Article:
Turkish lira hits new low on worries over economy, U.S. row

Irving Hamilton
August 10, 2018

The Turkish lira has fallen to a new record-low this morning, as much as 12 per cent in one day, amid the souring of diplomatic relations with the United States and a deepening monetary policy crisis.

"The markets now fear that sanctions could be imposed on Turkish banks".

The currency is now down more than 36 percent this year, and 17 percent this month alone, fanning worries about a full-blown economic crisis.

Today's declines have dragged down European shocks, with the Stoxx Europe 600 falling three per cent on its exposure to banks and miners. "It looks like EUR/USD will hit our end-September forecast of 1.1400 early", says Richard Grace, a foreign exchange strategist with Commonwealth Bank Australia.

"GBP stabilised somewhat yesterday and EUR/GBP fell back to just below the 0.90 level".

Analysts said Turkey's lira and the Russian rouble were hit hardest in the sell-off. Raising the rates has been heavily opposed by Erdogan. Wall Street was set for a weak open.

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The Turkish delegation met with the State Department's No. 2 official, John Sullivan, on Wednesday to address friction between the North Atlantic Treaty Organisation allies. There were no signs of a breakthrough after the hour-long talks. Let's see if we'll have the potential to get there after Erdogan's speech.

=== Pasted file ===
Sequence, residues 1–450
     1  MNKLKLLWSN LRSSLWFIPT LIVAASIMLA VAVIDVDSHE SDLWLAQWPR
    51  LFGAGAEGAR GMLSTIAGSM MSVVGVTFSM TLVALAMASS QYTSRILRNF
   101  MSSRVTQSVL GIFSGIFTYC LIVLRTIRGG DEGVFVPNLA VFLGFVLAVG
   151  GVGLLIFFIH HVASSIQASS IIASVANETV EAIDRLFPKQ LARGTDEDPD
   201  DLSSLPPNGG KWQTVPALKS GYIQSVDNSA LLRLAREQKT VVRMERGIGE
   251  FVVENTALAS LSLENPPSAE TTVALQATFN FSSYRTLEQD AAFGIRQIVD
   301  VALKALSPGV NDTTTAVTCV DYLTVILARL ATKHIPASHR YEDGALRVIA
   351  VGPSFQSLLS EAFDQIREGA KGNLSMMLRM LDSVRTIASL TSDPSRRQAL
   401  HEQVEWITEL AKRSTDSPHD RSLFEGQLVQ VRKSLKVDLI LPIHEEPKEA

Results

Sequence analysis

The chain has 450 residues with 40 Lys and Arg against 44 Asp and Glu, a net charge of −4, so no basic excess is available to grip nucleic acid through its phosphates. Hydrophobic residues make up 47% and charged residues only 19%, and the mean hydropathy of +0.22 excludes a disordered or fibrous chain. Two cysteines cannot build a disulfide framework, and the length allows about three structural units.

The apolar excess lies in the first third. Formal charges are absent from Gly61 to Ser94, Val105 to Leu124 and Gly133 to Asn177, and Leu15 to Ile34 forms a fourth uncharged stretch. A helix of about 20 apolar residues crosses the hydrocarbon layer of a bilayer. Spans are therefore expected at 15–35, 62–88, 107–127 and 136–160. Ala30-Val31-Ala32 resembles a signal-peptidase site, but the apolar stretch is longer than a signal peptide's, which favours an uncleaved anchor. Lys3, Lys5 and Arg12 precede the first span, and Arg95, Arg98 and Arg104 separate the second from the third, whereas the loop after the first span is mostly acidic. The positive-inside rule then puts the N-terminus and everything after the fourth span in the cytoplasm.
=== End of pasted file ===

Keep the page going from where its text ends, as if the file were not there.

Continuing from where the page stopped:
More broadly, concerns over the sickly Turkish economy's wider impact were intensified Friday by a report in the Financial Times that the supervisory wing of the European Central Bank had began to look more closely at eurozone lenders' exposure to the country.

Erdogan retaliated last weekend with sanctions of his own against the American counterparts of the sanctioned Turkish ministers.

The new economic action plan calls for Turkey to issue a renminbi bond and borrow from China to proceed with 400 new infrastructure and other showpiece projects whose value is estimated at $9 billion.

"In any case, sanctions on the Turkish banking sector would be catastrophic as Turkey is dependent on capital inflows to finance its high current account deficit".

This could therefore well translate into the Euro staying under pressure.

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